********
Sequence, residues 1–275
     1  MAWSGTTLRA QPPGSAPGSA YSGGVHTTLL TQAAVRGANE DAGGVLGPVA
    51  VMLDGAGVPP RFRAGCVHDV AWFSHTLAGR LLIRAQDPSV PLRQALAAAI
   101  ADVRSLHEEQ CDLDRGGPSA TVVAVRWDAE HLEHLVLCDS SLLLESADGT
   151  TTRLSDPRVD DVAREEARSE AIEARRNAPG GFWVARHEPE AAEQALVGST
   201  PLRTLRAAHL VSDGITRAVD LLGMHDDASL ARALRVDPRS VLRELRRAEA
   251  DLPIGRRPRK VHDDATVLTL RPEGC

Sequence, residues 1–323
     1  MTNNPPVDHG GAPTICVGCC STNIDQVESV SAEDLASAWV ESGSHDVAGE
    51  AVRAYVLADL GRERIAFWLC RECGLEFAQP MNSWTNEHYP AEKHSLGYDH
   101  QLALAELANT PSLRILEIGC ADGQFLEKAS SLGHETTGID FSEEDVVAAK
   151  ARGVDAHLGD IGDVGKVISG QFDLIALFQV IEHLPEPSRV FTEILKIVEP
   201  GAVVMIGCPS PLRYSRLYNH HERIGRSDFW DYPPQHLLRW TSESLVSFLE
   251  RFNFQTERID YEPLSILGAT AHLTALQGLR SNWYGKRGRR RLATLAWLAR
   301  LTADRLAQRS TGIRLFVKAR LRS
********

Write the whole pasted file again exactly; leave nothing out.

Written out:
Sequence, residues 1–275
     1  MAWSGTTLRA QPPGSAPGSA YSGGVHTTLL TQAAVRGANE DAGGVLGPVA
    51  VMLDGAGVPP RFRAGCVHDV AWFSHTLAGR LLIRAQDPSV PLRQALAAAI
   101  ADVRSLHEEQ CDLDRGGPSA TVVAVRWDAE HLEHLVLCDS SLLLESADGT
   151  TTRLSDPRVD DVAREEARSE AIEARRNAPG GFWVARHEPE AAEQALVGST
   201  PLRTLRAAHL VSDGITRAVD LLGMHDDASL ARALRVDPRS VLRELRRAEA
   251  DLPIGRRPRK VHDDATVLTL RPEGC

Sequence, residues 1–323
     1  MTNNPPVDHG GAPTICVGCC STNIDQVESV SAEDLASAWV ESGSHDVAGE
    51  AVRAYVLADL GRERIAFWLC RECGLEFAQP MNSWTNEHYP AEKHSLGYDH
   101  QLALAELANT PSLRILEIGC ADGQFLEKAS SLGHETTGID FSEEDVVAAK
   151  ARGVDAHLGD IGDVGKVISG QFDLIALFQV IEHLPEPSRV FTEILKIVEP
   201  GAVVMIGCPS PLRYSRLYNH HERIGRSDFW DYPPQHLLRW TSESLVSFLE
   251  RFNFQTERID YEPLSILGAT AHLTALQGLR SNWYGKRGRR RLATLAWLAR
   301  LTADRLAQRS TGIRLFVKAR LRS